Here is how we interpret Dr. Butler's replies to the Spectator and the American committee for Democracy and Intellectual Freedom:
The University is not a "foreign and remote thing" but consists primarily of the faculty and the students. "University freedom" means that the faculty as a group is not subject to any restrictions from higher up; "academic freedom" is the right of any individual member of the faculty freely to express his own views.
In the terms of its original definition the phrase academic freedom has "no meaning whatsoever" for those in statu pupillari, but is "restricted to the work of professors and scholars." The counterpart of academic freedom in the realm of the undergraduate is "student freedom," implying similar rights and responsibilities. Off the Campus, the faculty member as an individual has complete freedom of action--with the understanding that he will "do all in his power to avoid doing anything to injure his University's reputation." His right to hold isolationist views, say, or to criticise domestic policy and national defense, is guaranteed him "by our ordinary American doctrine of civil liberty." Professors "are certainly at full liberty to think and to talk as they please upon any subject which interests them, whether it be popular or unpopular."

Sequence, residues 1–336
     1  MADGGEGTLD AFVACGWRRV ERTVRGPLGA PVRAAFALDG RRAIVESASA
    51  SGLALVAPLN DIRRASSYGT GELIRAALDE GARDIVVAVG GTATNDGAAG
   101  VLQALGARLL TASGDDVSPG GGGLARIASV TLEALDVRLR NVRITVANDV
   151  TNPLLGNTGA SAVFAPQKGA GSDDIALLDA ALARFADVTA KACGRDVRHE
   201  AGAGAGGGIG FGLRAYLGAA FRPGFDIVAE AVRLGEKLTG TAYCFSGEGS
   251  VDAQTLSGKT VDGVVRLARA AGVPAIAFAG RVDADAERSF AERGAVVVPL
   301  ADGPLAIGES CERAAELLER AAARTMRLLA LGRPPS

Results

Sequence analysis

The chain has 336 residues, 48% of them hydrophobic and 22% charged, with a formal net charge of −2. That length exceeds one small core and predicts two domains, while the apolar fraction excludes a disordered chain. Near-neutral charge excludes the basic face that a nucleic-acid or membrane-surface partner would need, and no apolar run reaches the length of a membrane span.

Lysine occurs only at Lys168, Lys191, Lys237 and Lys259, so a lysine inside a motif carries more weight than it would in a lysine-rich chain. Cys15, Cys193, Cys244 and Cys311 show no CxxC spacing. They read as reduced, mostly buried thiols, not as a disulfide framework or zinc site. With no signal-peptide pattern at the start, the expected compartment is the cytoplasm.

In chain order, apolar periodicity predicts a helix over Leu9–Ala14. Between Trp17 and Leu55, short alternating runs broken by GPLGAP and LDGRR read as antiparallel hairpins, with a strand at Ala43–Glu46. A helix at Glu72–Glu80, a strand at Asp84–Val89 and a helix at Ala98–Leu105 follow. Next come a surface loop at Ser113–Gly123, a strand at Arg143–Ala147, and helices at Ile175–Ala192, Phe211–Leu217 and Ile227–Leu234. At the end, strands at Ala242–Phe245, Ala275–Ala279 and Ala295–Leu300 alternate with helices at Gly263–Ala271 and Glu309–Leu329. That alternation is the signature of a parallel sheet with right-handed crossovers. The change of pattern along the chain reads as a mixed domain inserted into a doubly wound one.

We take the quotations included above at their face value. According to our interpretation they constitute a statment of principles with which we wholeheartedly agree. --The Columbia Spectator